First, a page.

A Caribbean Immigrant Wins Canada’s Top Literary Prize

posted on November 20, 2019

By News Americas Now |

A Caribbean-born immigrant and first-time novelist is the 2019 winner of Canada’s top literary honor, the Scotiabank Giller Prize.

Trinidad national Ian Williams took home the top honor for his first novel ‘Reproduction,’ published by Random House Canada. The win also earned him $100,000, courtesy of Scotiabank.

The novel tells the story of a sober-minded teenager from a small island nation and the listless heir to a German family fortune meet in the hospital room where their mothers lay dying.

From there, Williams unspools a narrative so entangled it strains against novelistic convention.

Of the winning book, the jury wrote: “Ian Williams’ ‘Reproduction’ is many things at once. It’s an engrossing story of disparate people brought together and also a masterful unfolding of unexpected connections and collisions between and across lives otherwise separated by race, class, gender and geography.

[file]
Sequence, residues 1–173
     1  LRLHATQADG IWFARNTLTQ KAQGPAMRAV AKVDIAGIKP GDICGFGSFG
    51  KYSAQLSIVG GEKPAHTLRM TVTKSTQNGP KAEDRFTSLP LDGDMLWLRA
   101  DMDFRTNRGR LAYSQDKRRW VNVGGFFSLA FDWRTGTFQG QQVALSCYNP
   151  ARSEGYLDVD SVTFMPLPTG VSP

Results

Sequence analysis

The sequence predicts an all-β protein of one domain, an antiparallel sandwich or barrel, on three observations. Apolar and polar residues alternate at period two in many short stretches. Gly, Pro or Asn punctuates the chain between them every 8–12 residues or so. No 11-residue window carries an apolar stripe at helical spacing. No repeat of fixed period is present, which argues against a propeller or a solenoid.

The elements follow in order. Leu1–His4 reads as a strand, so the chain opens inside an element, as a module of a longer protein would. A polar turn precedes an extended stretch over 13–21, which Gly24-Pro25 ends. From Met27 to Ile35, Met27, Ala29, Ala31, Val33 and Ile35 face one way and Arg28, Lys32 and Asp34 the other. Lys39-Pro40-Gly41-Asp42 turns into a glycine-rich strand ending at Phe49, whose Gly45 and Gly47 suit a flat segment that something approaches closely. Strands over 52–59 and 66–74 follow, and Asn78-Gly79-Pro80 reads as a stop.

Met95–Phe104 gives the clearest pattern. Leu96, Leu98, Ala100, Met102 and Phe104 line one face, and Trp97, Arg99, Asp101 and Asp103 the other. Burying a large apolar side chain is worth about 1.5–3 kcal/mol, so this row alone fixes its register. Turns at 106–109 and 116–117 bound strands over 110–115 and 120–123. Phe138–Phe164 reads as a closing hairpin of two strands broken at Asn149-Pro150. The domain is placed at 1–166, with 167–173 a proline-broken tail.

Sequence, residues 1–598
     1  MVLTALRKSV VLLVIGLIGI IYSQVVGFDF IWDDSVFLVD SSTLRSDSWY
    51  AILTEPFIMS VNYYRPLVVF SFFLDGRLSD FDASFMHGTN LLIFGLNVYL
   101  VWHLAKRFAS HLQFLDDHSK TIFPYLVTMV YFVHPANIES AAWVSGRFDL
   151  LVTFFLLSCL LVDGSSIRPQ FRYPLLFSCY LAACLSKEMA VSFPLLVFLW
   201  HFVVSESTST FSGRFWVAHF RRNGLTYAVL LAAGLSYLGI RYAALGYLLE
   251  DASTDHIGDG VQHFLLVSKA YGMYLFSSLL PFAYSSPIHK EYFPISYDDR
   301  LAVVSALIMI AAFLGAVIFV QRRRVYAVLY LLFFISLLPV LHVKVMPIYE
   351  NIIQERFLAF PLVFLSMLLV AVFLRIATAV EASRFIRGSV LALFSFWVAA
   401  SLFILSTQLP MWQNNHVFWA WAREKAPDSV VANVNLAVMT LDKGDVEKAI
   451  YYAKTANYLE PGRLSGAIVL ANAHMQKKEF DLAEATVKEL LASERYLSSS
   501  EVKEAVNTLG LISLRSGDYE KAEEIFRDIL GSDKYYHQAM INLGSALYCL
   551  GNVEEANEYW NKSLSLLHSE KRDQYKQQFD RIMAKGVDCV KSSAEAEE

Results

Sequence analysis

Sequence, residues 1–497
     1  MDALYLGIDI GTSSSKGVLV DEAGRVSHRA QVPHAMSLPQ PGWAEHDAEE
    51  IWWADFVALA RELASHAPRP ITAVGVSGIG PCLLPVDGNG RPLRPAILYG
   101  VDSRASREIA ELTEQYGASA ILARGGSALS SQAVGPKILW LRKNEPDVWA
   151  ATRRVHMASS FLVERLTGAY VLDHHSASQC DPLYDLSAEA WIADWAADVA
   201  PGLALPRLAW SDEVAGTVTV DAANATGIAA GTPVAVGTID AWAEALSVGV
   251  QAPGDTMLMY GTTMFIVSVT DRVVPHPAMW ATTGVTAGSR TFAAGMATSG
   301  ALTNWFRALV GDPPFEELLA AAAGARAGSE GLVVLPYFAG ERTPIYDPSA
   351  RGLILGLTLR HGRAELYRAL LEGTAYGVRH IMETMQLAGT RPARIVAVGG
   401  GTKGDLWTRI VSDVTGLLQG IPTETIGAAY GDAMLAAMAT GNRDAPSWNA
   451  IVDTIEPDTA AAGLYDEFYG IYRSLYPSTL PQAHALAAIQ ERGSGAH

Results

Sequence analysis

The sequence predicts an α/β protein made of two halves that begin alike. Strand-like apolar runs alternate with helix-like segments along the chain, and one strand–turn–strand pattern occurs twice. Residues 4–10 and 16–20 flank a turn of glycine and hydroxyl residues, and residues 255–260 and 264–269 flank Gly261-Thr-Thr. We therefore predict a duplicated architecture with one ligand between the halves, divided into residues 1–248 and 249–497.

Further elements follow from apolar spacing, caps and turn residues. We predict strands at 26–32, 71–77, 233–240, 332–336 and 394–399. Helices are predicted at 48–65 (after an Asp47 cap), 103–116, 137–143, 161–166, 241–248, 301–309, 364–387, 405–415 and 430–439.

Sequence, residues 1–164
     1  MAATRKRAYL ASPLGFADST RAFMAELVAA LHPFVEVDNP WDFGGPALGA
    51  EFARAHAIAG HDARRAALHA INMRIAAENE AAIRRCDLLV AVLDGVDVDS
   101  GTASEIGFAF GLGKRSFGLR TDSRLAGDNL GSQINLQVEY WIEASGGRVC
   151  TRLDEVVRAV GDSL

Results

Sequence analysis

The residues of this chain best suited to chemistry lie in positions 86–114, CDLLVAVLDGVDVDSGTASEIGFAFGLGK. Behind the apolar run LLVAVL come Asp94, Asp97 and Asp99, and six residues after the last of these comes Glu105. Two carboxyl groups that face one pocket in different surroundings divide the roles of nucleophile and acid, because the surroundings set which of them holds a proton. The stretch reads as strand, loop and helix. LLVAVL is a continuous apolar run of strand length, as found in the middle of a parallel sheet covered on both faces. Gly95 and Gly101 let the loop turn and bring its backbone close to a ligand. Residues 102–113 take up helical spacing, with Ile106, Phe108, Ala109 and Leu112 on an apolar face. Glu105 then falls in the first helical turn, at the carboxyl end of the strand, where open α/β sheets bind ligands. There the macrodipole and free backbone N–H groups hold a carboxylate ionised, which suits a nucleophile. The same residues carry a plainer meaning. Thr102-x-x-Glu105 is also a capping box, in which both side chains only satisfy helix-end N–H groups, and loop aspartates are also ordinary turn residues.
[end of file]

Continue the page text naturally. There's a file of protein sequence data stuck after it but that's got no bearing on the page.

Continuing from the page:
“It’s a pointed and often playful plotting out of individual and shared stories in the close spaces of hospital rooms, garages, mansions and apartments, and a symphonic performance of resonant and dissonant voices, those of persons wanting to impress, persuade, deny, or beguile others, and always trying again.”

“You have no idea how special this is for me,” Williams said as he accepted the prize, telling the story of how the very first book he bought with his own money was one by Margaret Atwood, who was in the audience.

Williams and his family, emigrated from Trinidad to Canada in the late 1980s and once said that “from a young age I knew the most important things to me were people and communication.” He said in 2013 he sought “a career that could combine those two things.”

Williams is the author of ‘Personals,’ shortlisted for the Griffin Poetry Prize and the Robert Kroetsch Poetry Book Award; ‘Not Anyone’s Anything,’ winner of the Danuta Gleed Literary Award for the best first collection of short fiction in Canada; and ‘You Know Who You Are,’ a finalist for the ReLit Prize for poetry.

Read more